We also wind up selecting for a lot of neotenic genes in general— that is, retention of childhood traits into adulthood. That’s because baby animals tend to have lots of friendly/trusting/biddable/curious traits we are looking for.
And honestly, who can say no to a face like this?
ps, since it was mentioned:
the same genes involved in domestication probably help animals form social groups in general. if you need to get along with and trust strangers you need a decrease in the panic/aggression genes.
cats, for example, probably domesticated themselves when they started living close to each other and to humans to feed off of pests in grain silos.
and yeah, some some recent theories suggest humans may have ‘domesticated’ themselves:
so basically you’re saying that when we breed animals to be friends, they become friend-shaped.
i’m too soft of a bitch to have lived when love letters were common practice. i’d get One and go lay down by a river and my friends would be like “what’s wrong?” and i’d be like “my friends, i’ve fallen ill”
Does it ever give you a nice warm glow, knowing that while Tumblr is struggling to monetize their crappy, semi-functioning website and meeting nothing but resistance, AO3 has built such a beautiful and stable website for us that when they ask us for money, we throw it at them willingly?
While stories like Nikki’s have long been cited by sex work activists and organisations as examples of how poverty forces vulnerable women (and they are predominantly women, including trans women) into sex work, they have rarely been acknowledged by official government bodies. But last month a Home Office-commissioned study by researchers at Bristol University described as “the most comprehensive overview of prostitution and sex work to date” clearly found what sex workers have long been trying to tell us: austerity is pushing people into sex work at the same time as criminalisation makes them less safe.
“It does mean a lot to see it there in black and white with a government logo,” says 28-year-old Irina*, who has been a sex worker alongside other part-time work for around five years. Irina entered the trade when her immigration status made it difficult for her to hold down traditional work. She now makes enough money to sustain her life here and send contributions back to her family in Eastern Europe, but says she has faced abuse from both clients and the police in the course of her work, as well as being surveilled under the guise of ‘anti-trafficking’ protections despite the fact that she is not a victim of trafficking.
The vulnerable position Irina outlines is, according to sex workers and activists, a direct consequence of sex work criminalisation in the UK. For Cat Smith of the Sex Work Advocacy and Resistance Movement (SWARM), the acknowledgement of this in the Home Office’s study is welcome.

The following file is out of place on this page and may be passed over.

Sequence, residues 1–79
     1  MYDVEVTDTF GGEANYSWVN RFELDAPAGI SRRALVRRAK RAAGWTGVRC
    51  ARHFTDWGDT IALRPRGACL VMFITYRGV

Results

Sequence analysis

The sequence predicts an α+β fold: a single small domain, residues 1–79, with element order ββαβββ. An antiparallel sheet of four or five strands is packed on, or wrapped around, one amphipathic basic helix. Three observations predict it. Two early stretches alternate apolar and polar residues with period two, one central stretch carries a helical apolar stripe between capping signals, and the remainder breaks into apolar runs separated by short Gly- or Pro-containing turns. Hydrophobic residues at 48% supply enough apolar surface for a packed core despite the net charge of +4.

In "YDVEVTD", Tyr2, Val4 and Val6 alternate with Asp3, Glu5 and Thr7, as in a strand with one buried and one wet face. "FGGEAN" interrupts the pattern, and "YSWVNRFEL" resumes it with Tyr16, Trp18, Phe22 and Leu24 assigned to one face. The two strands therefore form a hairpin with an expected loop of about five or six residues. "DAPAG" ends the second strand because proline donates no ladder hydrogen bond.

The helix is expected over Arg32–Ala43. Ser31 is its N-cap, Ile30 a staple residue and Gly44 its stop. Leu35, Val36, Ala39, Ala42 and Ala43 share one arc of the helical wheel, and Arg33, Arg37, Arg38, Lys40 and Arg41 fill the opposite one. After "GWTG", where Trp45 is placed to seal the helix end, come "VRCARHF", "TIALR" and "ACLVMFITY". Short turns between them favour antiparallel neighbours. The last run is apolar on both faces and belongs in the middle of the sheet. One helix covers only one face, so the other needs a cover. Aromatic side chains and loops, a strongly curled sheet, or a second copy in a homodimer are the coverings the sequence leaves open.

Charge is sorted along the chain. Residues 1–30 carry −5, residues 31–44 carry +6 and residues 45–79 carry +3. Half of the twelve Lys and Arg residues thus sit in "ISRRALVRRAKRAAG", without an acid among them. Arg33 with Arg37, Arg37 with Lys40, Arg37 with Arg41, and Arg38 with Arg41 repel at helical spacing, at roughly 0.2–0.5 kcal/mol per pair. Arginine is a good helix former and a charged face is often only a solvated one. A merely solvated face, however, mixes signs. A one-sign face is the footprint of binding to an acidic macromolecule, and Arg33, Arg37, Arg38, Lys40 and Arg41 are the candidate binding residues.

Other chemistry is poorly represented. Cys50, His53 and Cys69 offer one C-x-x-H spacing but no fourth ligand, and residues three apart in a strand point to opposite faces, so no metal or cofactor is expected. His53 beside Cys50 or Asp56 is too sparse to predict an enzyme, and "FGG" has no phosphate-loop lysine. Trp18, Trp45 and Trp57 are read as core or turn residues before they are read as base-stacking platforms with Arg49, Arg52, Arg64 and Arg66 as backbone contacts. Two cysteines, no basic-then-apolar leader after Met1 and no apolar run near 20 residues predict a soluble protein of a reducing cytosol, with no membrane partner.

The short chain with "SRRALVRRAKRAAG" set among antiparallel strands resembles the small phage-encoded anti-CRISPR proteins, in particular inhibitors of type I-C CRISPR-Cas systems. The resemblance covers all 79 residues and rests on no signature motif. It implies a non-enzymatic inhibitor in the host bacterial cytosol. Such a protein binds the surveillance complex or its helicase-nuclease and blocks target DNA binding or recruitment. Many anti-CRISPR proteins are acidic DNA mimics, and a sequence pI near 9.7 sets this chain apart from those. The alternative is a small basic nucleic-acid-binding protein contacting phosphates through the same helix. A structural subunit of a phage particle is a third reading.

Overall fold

“You can’t talk about the nature of sex work in the UK without talking about how the policy of criminalisation affects it,” she says, particularly highlighting the report’s discussion of increased police raids and brothel-keeping laws which incentivise dangerous lone working. “The more power you have as a worker the more safe you can be.”
While sex work activists and organisations like SWARM have long advocated for the full decriminalisation of the industry as a way to build worker power and keep sex workers safe, many of their opponents have continued to push for the Nordic model in which only buyers are criminalised. It’s a solution sex workers say increases their risk of harm and which organisations like SWARM argue has no basis in evidence – a fact they now say is backed up by the Home Office’s own research.
“We need more routes out of poverty, and we need full decriminalisation to help those of us who can’t or don’t want to leave sex work be safer,” she adds.
Previous efforts to organise around political structures have seen little success; activists say DWP inquiries into universal credit have had remits so frustratingly narrow they couldn’t include a discussion of how the benefits system as a whole operated to push vulnerable women into sex work, while an inquiry into prostitution by the Women and Equalities Select Committee operated, in practice, to gather evidence for a proposal to support the Nordic model. All this, says Smith, points to the fact that sex workers and sex work advocacy groups still aren’t taken seriously or treated with respect within traditional political structures.
“Sex worker led groups are subject to smears, discredited, not listened to. Even NGOs and academics that work with us become subject to the same,” she says. “We’ve seen time and again that politicians pick and choose their own agenda and who they will listen to. But if they came to us with a genuinely open mind and listened to the evidence and the needs of sex workers they would not be lobbying to impose the Nordic model.”
“Entering sex work wasn’t about making a good or a bad choice for me, it was just about survival,” says Nikki. “We deserve to be able to live and we deserve to live without being constantly scared and in danger. I don’t think it’s more complicated than that.”
For Irina, the political solution also seems incredibly simple: listen to sex workers when legislating on sex work. The answers, she says, lie in political and ideological changes which benefit vulnerable women of all descriptions, not in moralising about sex and sexuality.
“Actually sex work has very little to do with sex and everything to do with things like the benefits system, the hostile environment, drugs policy and the punitive criminal justice system,” Irina reflects. “It’s good to see an official report start to acknowledge the things we’ve been saying for so long. We’ll just have to wait and see if anyone listens.“